issue 5

The Lake, the Valley, the Border Between Water and Wood, and the End of Things, by Watson Neith

Standing in their galley kitchen, Juniper sank her knife into a soft block of smoked goat cheese. She had left it out to soften for so long that the cheese practically parted before the knife touched it. She considered the other sliced and chopped hors d’oeuvres on the tray: cheeses, check; sliced cucumber and whole cherry tomatoes, check; olives stuffed with garlic, just needed straining; sliced baguette, check; blueberries from Laila’s enspelled hothouse, check; seasoned almonds for Lydia and salami for herself, check.

issue 5

Broken Idols, Guarded Hearts, by Elizabeth Loupe

They gave us support groups after they brought us down. We’d expected death, but they said we’d been punished enough. That was true. And there were too many of us who were still well-liked among them, even if they had decided we needed to go. So they gave us support groups, and they gave us decent apartments, and they trained us to do jobs like the rest of them. We took to it all quickly enough. Thousands of years may tend to make you inflexible, but they don't make you stupid.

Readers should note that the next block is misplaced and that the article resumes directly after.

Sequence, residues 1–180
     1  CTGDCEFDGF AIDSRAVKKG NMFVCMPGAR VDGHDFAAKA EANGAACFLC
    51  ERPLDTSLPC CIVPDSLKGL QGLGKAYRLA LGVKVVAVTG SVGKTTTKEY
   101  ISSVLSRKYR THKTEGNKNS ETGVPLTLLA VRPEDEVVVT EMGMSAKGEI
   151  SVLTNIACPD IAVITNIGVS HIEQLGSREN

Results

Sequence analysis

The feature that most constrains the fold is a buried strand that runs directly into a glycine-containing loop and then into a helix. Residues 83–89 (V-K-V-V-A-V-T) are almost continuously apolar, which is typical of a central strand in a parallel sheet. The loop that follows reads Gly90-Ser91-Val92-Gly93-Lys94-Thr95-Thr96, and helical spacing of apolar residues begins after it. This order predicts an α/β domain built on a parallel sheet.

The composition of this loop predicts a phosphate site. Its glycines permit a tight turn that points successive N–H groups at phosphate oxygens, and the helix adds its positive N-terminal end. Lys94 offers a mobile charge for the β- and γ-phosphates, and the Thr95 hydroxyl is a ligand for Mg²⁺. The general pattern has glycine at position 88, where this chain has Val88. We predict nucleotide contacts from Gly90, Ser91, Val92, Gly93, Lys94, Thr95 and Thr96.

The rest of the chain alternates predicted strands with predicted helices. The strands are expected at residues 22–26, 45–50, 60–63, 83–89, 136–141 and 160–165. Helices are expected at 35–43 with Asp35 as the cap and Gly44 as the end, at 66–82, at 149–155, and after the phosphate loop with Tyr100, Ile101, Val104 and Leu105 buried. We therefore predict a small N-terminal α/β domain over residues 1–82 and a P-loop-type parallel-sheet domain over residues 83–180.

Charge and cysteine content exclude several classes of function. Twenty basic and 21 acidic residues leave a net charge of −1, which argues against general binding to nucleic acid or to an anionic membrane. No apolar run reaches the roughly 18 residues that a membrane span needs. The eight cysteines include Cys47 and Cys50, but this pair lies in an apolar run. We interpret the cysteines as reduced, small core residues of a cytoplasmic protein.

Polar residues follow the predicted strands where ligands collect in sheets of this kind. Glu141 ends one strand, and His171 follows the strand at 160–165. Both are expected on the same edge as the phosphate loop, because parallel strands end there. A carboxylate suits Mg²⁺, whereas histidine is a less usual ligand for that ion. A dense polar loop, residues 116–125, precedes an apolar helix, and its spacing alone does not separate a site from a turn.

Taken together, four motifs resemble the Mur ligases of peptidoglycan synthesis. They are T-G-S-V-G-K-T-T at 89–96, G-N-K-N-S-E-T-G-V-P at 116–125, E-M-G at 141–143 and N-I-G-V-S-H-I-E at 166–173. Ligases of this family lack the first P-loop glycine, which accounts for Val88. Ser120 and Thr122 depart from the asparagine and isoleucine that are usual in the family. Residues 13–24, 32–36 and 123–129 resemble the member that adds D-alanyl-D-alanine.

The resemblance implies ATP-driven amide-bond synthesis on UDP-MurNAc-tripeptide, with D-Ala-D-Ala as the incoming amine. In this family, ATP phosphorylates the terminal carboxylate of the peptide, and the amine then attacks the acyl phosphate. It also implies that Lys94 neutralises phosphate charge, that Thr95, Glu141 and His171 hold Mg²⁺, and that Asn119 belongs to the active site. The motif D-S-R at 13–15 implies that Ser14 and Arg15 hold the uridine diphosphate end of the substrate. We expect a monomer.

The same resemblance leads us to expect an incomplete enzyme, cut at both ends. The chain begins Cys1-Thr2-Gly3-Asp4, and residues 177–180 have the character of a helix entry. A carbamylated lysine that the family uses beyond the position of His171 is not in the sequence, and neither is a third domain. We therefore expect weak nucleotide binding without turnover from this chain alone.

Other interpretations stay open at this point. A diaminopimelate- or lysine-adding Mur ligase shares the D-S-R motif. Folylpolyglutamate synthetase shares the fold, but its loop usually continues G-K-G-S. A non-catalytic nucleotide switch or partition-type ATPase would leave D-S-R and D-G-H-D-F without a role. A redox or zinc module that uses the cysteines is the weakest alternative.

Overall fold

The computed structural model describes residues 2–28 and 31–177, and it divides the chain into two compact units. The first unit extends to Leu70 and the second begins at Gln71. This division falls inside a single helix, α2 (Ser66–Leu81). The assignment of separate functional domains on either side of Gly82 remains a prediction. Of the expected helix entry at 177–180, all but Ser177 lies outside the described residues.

issue 5

The Eleventh Hour, by Karim Kattan

Every morning, the seafood vendor sets up her purple wooden stall in a small alleyway near my apartment building. She stands there, all day and most of the night. She is tireless, which makes me sometimes suspect that she might be a steam-powered robot of some sort. She comes wrapped in shawls, no matter the season, pink and cream and sky blue, and she peers from behind them with piercing eyes. When I don’t think she’s a robot, I suspect she is Indurian, but I have no way of knowing. She barely talks and her accent is undecipherable.

issue 5

Every Next Day, by Rebecca Burton

Your mother takes you to swim in the sea every day. You’ve been going for as long as you can remember, never missing a day. When you were small, you splashed around in the tidal pools and learnt to float in the shallows. Now that you are nearly grown, the pair of you explore the entire bay. You know every rock, every current, every tide. You’ve swum through storms, broken ice, basked under sunny skies. You’ve watched others flee from sharks or be swept away by the breakers, but the sea holds no fears for you.